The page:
April 17-20 Museums and the Web 2013, the annual conference about digital technology and museums, took place. The Crossmedialab was invited to give a talk about the “The Online Footprint of Museums“. Thijs Waardenburg attended the conference and the video of the Pecha Kucha style presentation can be viewed below. He also writes about a selection of the other presentations he attend at MW2013.
Larry Friedlander, a professor emeritus of Stanford University, gave the plenary opening presentation. He pointed out that digital technologies in museums changed from rare into commonplace, or as he says “the stone that was rejected has became the cornerstone” (Psalm 118:22). I [Thijs] like the way he puts it, but on the other hand we already know that digital technology has a prominent position in our society, and museums around the world are constantly looking to use these technologies to attract more and new audience. According to Friedlander museums should for instance create other expectations towards children. They often consider museums as a sort of school. Avoid a pseudo-educational approach. So how can museums provoke (young) people to engage with cultural heritage? Friedlander says that museums “should provide experiences, but without filling in ‘all the dots’. Ask yourself: what can people bring to an experience?”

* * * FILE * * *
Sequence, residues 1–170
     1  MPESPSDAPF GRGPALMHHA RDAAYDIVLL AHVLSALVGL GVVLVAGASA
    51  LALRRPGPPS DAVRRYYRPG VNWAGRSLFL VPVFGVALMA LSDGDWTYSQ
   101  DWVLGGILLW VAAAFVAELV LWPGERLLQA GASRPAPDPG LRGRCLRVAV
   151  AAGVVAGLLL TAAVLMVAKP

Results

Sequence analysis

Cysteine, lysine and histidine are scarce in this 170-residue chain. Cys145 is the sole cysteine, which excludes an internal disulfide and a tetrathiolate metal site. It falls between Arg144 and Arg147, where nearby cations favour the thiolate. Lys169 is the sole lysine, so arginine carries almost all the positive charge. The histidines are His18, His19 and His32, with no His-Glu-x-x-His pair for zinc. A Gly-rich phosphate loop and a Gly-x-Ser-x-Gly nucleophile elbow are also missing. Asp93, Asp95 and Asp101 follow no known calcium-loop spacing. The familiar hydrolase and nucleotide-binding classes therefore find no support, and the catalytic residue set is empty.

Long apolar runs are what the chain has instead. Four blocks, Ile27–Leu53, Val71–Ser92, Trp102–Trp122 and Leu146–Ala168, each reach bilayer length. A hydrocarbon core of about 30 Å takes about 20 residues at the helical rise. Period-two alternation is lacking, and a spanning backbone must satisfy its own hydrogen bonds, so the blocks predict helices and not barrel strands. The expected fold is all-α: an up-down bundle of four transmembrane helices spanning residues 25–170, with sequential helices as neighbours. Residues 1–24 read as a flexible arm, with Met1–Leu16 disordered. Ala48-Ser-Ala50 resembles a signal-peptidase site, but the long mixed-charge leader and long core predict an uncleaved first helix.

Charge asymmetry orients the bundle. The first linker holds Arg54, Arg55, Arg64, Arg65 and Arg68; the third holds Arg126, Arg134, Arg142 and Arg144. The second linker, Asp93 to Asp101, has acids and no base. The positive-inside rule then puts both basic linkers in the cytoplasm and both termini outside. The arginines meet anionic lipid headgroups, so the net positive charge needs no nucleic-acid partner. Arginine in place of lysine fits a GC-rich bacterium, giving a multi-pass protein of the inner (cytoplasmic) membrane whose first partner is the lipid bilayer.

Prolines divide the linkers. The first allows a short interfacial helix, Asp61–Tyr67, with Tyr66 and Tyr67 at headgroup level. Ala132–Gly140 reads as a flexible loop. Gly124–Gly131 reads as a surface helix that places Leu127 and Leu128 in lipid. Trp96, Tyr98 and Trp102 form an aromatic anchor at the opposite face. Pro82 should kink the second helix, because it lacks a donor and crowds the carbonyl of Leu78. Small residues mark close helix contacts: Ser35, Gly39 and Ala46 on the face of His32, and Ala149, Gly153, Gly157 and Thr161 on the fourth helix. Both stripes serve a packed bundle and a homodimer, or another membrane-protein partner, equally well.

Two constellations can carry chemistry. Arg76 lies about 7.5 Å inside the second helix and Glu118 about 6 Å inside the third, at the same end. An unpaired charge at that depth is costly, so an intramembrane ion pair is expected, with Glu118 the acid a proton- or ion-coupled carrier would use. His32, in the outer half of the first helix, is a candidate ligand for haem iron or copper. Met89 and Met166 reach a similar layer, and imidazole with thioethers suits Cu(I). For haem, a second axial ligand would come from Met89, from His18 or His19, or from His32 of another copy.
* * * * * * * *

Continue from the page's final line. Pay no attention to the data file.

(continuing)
After the plenary opening, the conference continued with parallel sessions, divided in several categories like: online exhibitions, on-site evaluations, network effects, crowd-sourcing and digital curation. Next I will shortly describe a selection of the presentations that I attended. The first is from the London Science Museum who, together with Google, has build six physical installations called Web Lab. These installations can be accessed and used by both on-site and online visitors. What impressed me the most is the sheer complexity of the project. Still they were able to design and maintain a relatively stable system.
Another impressive presentation was about “interpretive technology to engage visitors actively in new kinds of experiences with works of art” in the Cleveland Museum of Art, called Gallery One. The technology is used in such a way that it would not disturb the traditional way of exhibiting and consuming the works of art. To my opinion this project shows that digital technology in museums is really getting mature.
Jonathan Munar from Art21 explained his project about crowdsourcing translations of their videos. The primary goal was not to just (cheaply) translate the videos, but to expand the online community, which somewhat surprised me. To do this they used Amara (also use by for instance TED). According to Jonathan, volunteers have several motives to participate: they like to be forced to read over and over again, encourages deeper understanding of the art work, see and learn something new.
I also attended a series of presentations about mobile technology for museums. At the end of each presentation, the presenters were asked to give tips regarding the development of mobile apps. This is a selection of them: “Launch early, and launch often” (Tristan Interactive), “Different objects need different ways to tell the story” (Earprint), “Keep it simple!” (Fabrique), “If you ask to BYOD, offer battery-charging packs (from a person in the audience).